Of course the present invention is likely to have various alterations and modifications which will occur to those skilled in the art. In particular, the number of two-dimensional views to be used for the restoring depends on the desired accuracy and on the model complexity. In some cases, a single two-dimensional view may be enough. Further, although the present invention has been described in relation with a mobile X-ray source, said source may be replaced with several fixed sources, provided that the constraint of obtaining two-dimensional images in a same referential system is respected. Further, the implementation of the present invention of course uses digital image processing techniques, the practical implementation of which is within the abilities of those skilled in the art based on the functional indications given hereabove and in the publications mentioned as references.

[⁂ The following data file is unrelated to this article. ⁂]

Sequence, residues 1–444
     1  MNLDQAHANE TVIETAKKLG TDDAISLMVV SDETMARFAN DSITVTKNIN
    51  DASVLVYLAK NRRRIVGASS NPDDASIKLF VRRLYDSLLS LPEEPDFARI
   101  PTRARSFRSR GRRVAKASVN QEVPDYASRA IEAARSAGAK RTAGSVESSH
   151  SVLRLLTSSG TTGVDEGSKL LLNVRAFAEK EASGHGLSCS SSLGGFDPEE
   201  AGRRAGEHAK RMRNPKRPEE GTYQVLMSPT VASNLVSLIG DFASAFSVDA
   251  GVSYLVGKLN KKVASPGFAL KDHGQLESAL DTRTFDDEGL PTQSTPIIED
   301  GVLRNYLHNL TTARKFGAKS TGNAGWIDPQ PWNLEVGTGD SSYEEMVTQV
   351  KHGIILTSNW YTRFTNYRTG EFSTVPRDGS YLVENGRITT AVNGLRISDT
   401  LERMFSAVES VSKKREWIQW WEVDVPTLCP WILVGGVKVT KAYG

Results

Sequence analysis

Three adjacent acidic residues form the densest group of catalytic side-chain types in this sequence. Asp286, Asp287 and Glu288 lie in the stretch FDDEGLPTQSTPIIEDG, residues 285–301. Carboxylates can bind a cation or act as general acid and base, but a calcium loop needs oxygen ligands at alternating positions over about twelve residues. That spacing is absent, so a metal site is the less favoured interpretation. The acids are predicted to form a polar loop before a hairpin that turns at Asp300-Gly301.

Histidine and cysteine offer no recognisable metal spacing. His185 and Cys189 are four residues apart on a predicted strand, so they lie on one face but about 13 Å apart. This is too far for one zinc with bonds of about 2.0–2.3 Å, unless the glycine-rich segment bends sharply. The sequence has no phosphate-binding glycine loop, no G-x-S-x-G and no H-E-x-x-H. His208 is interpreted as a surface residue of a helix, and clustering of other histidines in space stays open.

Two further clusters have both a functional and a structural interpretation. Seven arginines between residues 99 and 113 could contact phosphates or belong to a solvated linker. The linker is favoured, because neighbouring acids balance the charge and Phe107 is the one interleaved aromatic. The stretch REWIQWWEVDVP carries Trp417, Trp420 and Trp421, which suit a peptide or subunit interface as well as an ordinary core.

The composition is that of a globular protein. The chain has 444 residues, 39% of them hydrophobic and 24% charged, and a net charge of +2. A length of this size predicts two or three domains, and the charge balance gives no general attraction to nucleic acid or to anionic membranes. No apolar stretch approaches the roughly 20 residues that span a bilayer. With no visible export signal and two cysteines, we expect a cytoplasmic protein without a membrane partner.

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Classifications
U.S. Classification382/132, 382/154, 382/128
International ClassificationA61B19/00, G06K9/00
Cooperative ClassificationA61B2019/5289, A61B19/5244, A61B19/52, A61B2019/5295, A61B2019/566, A61B2019/505, A61B2019/5255, A61B2019/5272
European ClassificationA61B19/52, A61B19/52H12